Stranger than Fiction (from archives)
All day the wind had blown hard from the north-east, drifting snow from the hills. As night fell, Mary Roberts turned from the kitchen sink after a day of trying to behave as though everything was normal and said: “It’s no use…I know I will never see him alive again.”
Not even her husband’s arms around her shoulders could comfort her now. Sitting on a stool by the fire she cried as though her heart would break while out on the bleak moors of Yorkshire’s North Riding, lanterns bobbed and voices called vainly into the wind.
Today the village near the River Ure, just east of the Pennines, is a busy community served by a network of roads. But in the winter of 1910 it was not unusual to see no outsiders for a week and self-sufficiency was bred deep into the taciturn hill farmers who extracted a sparse living from the inhospitable land.
“If you want anything doing, do it yourself” could well have been the motto of these independent folk but the strange story of James Roberts seems to throw this into some doubt.
John and Mary Roberts had farmed their smallholding at Manor’s Acre since the death of John’s father in 1904 and their two sons, James, 10 and 12-year-old Arthur, were expected to help all they could.
On the Saturday morning two weeks after Christmas, snow lay deep on the hills when James and Arthur took a home-made sledge on to a slope about a mile away from the house for a few hours of boyish sport.
“Make sure you’re back for dinner,” Mary Roberts called as she straightened the mufflers around their necks and watched them trudge away up the lane pulling the home-made matchwood sledge behind them.
She had no fears about their safety. They had lived on the moors all their lives, loved their beauty and were mindful of their dangers. Even so, she had a slight twinge of anxiety when Arthur returned home just after one o’clock pulling the sledge.
“Where’s James?” she asked and the boy looked blank. He came home an hour ago,” he said. “He said his hands were cold…”
It was a tiny incident, but Mary Roberts felt a shiver of apprehension. From the kitchen window she could see that the sky over the surrounding hills was heavy with snow.
When James didn’t return by 5pm she was thoroughly alarmed. A party of men from the village had already searched nearby moorland without success and now, with lanterns, were searching further afield.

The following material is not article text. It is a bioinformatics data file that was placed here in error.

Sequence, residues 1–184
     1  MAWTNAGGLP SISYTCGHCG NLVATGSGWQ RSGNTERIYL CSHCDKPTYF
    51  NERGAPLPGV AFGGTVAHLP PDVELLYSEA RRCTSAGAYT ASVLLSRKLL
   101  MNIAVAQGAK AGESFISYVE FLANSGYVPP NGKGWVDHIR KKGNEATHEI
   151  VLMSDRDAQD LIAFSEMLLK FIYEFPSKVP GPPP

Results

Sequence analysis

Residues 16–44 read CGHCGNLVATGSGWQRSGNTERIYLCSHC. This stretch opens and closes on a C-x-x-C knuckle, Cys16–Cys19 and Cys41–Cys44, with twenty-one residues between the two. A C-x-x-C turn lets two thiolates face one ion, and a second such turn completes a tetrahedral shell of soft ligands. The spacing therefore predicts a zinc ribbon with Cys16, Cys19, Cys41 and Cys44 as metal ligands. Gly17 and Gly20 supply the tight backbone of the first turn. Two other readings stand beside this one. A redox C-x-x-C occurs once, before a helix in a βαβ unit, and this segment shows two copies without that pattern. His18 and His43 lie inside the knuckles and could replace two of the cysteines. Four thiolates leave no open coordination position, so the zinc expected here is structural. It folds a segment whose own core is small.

By now the night was a swirling mass of wind-whipped snow and at midnight the search was abandoned until morning. But at first light a group of six men, including the boy’s father, set out again for the moors.
By now then wind had dropped but the previous night’s snow had obliterated all tracks. They would have to start from scratch again. By 7am it was light enough to resume the search and the men trooped away from the village.
Leading the party was the village postman Walter Padleyn, who was later to remember “As the hours went by and there was no sign of the lad I think we all began to fear the worst although no one would admit it.
“At 11am we had split into two parties and I was standing with two other men in a narrow valley which contained a stream. Suddenly I turned round and standing on a rock by the stream was a boy. We all saw him, but it wasn’t James Roberts.
“He was about 15 and dressed in strangely old-fashioned clothes. There was something unreal about him, but it’s hard to explain what. He was beckoning to us and automatically we began to follow him. It was as though some power was drawing us along – we all felt it.”
The men would say that the figure led them down the valley and down a boulder-strewn dip towards a pile of rocks. According to Walter Padley, it walked about 100 yards ahead, turning to see if the men were following.
At one side of the rock-pile was a tangle of snow-covered bushes and as they watched, the figure merged with then undergrowth and finally vanished.
Padley and his companions reached the bushes and began to push their way through. Under the thicket, in a cleft of rock, lay James Roberts. His left leg was twisted awkwardly under him, obviously broken, and he was semi-conscious and showing signs of exposure and frostbite. But he was alive.
Padlery recalled later: “Without the boy’s help we would never have found him in a million years. He was too weak to shout out. He would probably have died had he been out in another night like the last one.”
They took James Roberts home and slowly he recovered. The story got about and a doctor from Sheffield, Dr John Stoner, secretary of a local historical research group, made inquiries in local newspaper archives and came up with some astonishing findings.
Apparently a boy from the same village, Richard Warley, had died in a severe blizzard in 1710. And according to contemporary reports of the tragedy, Richard Warley was the spitting image of the boy rescuers had seen out on the snowy crags just 200 years later…